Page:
Tuesday, October 5, 2010

Our Chardonnay vines bite the dust!

A few months ago, we made the hard decision to remove our 26 year old Chardonnay vines.

They were ungrafted plants which, for those that do not know, meant that they were vulnerable to phylloxera which is a sap-sucking bug related to aphids. This bug eventually drains so much goodness from the vines that the plant will die. Martinborough was free of this problem until about two years ago when poor quarantine practices at one of the local wineries saw it established here. Now with phylloxera one thing is certain - if it is in town it will spread to all the local vineyards eventually. So the upshot is that all ungrafted plants here are going to die.

What folk now do to avoid this risk is to graft the vines you want (i.e. Syrah, Reisling or whatever) onto phylloxera resistant Amercian rootstock

But phylloxera was not the main driver for the decision. We are in Pinot Noir territory and if we make a great bottle of Pinot, we can sell it for upwards of $40, while a chardonnay will command a much lower price. So it came down to simple economics. In this difficult financial era we have to optimise our efforts, and so we have decided to replace the chardonnay with Pinot Noir.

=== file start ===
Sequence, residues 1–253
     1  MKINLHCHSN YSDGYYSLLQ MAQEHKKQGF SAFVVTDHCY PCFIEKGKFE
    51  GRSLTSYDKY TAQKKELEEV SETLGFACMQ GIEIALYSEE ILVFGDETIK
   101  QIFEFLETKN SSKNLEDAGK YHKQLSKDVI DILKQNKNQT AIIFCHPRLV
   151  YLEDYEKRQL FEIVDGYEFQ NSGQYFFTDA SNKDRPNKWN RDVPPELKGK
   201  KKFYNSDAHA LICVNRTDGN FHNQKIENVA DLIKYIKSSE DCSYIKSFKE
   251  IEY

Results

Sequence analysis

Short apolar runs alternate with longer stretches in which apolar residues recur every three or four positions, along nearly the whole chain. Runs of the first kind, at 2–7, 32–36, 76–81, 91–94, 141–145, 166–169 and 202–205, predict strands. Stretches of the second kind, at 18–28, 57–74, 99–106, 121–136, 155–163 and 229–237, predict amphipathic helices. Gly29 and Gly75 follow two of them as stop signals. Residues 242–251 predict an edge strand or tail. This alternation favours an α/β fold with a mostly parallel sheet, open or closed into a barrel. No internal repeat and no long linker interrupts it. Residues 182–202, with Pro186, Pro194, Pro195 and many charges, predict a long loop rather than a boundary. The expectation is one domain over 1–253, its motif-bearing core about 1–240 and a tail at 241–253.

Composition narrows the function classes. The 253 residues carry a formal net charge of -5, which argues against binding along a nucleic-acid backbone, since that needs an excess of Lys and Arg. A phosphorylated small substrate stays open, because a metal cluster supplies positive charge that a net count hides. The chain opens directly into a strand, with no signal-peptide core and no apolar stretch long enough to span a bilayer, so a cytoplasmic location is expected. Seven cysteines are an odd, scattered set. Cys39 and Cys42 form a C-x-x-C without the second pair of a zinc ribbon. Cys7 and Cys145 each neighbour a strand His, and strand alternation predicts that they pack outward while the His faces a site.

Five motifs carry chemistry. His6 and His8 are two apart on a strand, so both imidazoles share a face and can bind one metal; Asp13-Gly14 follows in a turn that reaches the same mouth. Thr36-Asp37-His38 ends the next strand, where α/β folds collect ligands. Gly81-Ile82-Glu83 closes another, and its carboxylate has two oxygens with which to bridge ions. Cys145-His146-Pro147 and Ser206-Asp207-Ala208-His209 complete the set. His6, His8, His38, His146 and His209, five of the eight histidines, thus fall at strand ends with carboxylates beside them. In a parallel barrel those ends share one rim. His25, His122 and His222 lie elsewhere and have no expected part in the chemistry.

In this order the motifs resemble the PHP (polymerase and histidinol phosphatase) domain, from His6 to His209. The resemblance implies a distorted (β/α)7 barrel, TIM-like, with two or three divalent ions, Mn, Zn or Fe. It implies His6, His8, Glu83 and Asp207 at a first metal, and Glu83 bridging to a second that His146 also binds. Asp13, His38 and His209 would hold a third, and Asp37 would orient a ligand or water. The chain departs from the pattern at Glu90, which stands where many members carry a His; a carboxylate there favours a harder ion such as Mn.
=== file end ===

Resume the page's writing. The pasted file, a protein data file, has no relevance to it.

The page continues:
Now that is an easy decision to make in the winery office, but as you can see from the photo above, heart-breaking when you look at the consequences for these old vines. Specially when one then looks at where the other vines are up to at this time of year. All are now bursting with new life as the sap starts running and the buds break out; as the accompanying shot of our Pinot Noir vines shows.

As you can see we have cut the charonnay right back and will pull out the roots by tractor, leave the ground fallow for a year, then replant with grafted Pinot Noir. For those wondering why everyone did not just graft from day one, think about this: an ungrafted vine is free (just stick a cutting in the ground and the vine will grow), but a grafted vine comes from a nursery and costs between $4 and $6 each. So you can see why folk were tempted to go with ungrafted plants when they might need thousands of vines!


  1. It will be interesting to see what happens in the wine areas as over decades we learn what works best. Now it seems that each winery has a range of different wines - somtimes for marketing reasons. I think as we learn what works best there will be vineyards which have only one variety and eventually whole wine areas the same

  2. Gidday Kerry, thoughtful comment. I concur that we will see a lot more focus in coming years on what grape(s) best suit each region. Whatever we may think of the French appellation system, there is logic behind it.